By the time BBC Scotland launches its new channel early next year, it will have been exactly two years in the making.
No-one is likely to accuse the corporation of running into the new venture, the centrepiece of an announcement by director-general Tony Hall heralding its biggest investment in Scotland for two decades. Yet there is already a sense of axes being sharpened for the new channel well before it goes on air in February.
The reaction to the original announcement of the channel was decidedly muted with politicians and pundits queuing up to query whether it would be hamstrung by a budget of £32 million a year. Further alarm bells were set off in May when BBC Scotland director Donalda Mackinnon admitted the new channel was not ready for a planned launch in the autumn and would be put back until 2019. The final, crucial, approval for the new channel was not secured from media regulator Ofcom for another few weeks, although the green light was given against a background of simmering discontent about the BBC benefiting unfairly at the expense of other media companies.
Exactly what would be shown on the channel has, until recently, been a closely guarded secret, save for the centrepiece of its schedule, a nightly “Scottish news hour” programme. That has now changed with BBC Scotland offering the first glimpse of the schedules – to a decidedly mixed reaction.
Considering the level of secrecy surrounding the announcement, there was a fair amount of head-scratching at what eventually emerged from a briefing at its Pacific Quay headquarters in Glasgow. Perhaps the most bemusing element was a decision to trumpet premieres of River City and Scot Squad on the new channel rather than on BBC One, when an expectation had been generated that new comedy and drama would find a home on the channel. It was already known that rapper Darren “Loki” McGarvey would front his own six-part series.
Arguably the biggest reveal was that fashion vlogger Jamie Genevieve – a new name to me but undoubtedly one of Scotland’s big new social media stars – would be the subject of a fly-on-the-wall show. The most bizarre announcement was a car-based game show fronted by Scottish wrestling star Graeme “Grado” Stevely. A pessimistic view of these early highlights is that they rather harshly expose the budget limitations that the new channel is saddled with.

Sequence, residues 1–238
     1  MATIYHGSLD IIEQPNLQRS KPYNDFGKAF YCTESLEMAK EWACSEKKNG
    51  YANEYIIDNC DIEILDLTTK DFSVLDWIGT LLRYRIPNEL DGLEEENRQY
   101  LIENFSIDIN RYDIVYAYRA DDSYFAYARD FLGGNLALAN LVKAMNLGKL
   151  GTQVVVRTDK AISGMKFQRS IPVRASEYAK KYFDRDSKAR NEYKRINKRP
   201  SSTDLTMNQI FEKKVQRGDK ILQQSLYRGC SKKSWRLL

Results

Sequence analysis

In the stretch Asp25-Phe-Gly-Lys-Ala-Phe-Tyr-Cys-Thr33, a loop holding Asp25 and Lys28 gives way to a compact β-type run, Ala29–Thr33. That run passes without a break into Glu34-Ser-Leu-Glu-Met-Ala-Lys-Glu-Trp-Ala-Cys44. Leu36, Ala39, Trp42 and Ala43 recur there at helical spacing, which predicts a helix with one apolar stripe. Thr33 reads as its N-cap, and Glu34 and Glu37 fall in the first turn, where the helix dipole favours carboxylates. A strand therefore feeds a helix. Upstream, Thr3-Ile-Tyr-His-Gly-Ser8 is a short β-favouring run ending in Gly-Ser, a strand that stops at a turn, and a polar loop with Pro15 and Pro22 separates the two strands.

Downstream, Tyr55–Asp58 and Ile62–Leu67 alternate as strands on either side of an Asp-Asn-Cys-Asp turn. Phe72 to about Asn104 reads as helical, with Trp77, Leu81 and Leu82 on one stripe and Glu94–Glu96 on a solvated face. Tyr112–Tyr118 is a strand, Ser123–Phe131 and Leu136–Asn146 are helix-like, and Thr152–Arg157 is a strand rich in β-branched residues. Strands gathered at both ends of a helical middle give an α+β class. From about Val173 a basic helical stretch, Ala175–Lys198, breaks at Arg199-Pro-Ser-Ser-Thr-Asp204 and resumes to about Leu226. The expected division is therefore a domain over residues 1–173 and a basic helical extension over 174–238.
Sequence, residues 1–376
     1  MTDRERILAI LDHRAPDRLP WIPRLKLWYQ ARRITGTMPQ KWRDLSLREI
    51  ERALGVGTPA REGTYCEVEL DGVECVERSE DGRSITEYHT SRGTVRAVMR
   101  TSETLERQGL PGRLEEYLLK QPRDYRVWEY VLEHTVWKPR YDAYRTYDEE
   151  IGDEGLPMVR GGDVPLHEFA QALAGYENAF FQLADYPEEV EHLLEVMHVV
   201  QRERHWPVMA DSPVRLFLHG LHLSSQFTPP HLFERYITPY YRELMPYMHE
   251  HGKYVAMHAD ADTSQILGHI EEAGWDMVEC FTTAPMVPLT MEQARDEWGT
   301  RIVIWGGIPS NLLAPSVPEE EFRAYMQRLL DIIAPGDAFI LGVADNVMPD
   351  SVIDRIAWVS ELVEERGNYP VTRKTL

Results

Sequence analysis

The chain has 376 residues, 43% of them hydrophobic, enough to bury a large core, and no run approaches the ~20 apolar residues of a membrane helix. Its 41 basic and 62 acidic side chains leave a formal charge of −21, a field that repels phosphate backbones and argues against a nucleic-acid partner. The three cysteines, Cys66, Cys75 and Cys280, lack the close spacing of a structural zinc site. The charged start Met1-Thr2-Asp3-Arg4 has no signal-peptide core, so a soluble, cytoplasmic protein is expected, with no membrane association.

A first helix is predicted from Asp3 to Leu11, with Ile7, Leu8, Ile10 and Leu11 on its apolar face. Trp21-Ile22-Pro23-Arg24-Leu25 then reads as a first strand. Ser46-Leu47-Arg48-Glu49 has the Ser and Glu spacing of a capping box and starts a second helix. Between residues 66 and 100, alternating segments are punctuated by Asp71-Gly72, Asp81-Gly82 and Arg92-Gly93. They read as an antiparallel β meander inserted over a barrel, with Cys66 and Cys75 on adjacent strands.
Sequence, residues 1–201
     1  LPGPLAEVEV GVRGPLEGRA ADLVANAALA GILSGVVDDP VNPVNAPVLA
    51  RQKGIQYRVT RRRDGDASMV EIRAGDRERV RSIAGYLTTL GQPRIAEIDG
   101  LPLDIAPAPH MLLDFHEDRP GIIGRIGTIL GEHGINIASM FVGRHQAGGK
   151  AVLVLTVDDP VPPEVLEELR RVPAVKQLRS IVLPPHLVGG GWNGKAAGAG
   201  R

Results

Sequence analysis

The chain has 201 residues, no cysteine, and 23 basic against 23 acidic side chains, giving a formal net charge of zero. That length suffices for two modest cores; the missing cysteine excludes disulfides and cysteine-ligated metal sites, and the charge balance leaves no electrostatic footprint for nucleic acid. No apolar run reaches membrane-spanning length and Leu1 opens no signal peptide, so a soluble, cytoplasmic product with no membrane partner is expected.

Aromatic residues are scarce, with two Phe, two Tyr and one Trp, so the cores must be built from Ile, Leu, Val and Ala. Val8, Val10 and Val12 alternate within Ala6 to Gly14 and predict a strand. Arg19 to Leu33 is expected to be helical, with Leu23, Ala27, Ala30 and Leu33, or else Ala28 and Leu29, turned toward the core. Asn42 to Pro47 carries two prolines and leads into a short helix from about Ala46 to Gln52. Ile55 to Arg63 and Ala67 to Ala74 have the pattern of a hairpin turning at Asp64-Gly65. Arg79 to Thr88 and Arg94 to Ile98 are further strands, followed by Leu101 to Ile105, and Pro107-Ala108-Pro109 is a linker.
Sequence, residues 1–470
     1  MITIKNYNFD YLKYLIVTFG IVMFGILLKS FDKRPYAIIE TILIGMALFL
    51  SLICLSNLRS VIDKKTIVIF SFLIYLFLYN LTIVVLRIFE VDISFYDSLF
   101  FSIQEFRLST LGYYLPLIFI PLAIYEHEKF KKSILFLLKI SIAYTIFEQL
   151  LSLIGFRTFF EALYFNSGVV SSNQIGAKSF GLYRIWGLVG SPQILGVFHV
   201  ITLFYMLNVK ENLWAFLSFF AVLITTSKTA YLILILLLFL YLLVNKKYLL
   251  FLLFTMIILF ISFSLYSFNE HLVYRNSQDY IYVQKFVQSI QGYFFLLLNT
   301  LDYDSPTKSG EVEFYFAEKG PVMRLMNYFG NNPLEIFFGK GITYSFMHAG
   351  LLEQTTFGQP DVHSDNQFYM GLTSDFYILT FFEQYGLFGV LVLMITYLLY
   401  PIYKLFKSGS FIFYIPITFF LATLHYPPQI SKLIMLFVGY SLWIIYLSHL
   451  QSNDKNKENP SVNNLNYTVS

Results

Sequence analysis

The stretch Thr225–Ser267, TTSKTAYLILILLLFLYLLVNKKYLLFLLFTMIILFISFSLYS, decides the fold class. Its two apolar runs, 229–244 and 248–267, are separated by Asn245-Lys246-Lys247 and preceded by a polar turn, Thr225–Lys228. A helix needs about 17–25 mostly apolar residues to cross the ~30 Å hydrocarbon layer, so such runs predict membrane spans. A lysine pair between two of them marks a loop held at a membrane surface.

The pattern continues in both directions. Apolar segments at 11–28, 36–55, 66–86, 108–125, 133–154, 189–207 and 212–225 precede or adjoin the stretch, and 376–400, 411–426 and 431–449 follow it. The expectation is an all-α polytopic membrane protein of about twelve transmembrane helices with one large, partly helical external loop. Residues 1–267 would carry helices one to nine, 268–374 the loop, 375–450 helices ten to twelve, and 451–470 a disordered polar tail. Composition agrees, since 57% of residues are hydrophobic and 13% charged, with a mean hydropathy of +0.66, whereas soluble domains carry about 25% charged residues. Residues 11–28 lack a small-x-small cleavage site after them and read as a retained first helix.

Yet there are lofty ambitions for the channel over the new development of high-quality documentaries, films, drama and comedy series. Bridging this apparent gap in the short-term is going to be one of the main challenges. But BBC Scotland is upbeat about the level of interest already built up within the industry and the prospects of new collaborations being formed on the back of the new channel, which frankly will not be able to deliver high-quality programming from its own resources. What it could and should do is act as a catalyst for the film and TV industries – if it is given enough time to bed in and secure backing to bring ideas to fruition. It strikes me that the new channel has the kind of potential to match the success of the National Theatre of Scotland, which had a long and agonising birth. It has helped rear a new generation of talent by building long-lasting relationships across the country. It is now hard to imagine the Scottish cultural landscape without it. Given half a chance, is it that hard to imagine the new BBC Scotland channel achieving something similar in a couple of years time?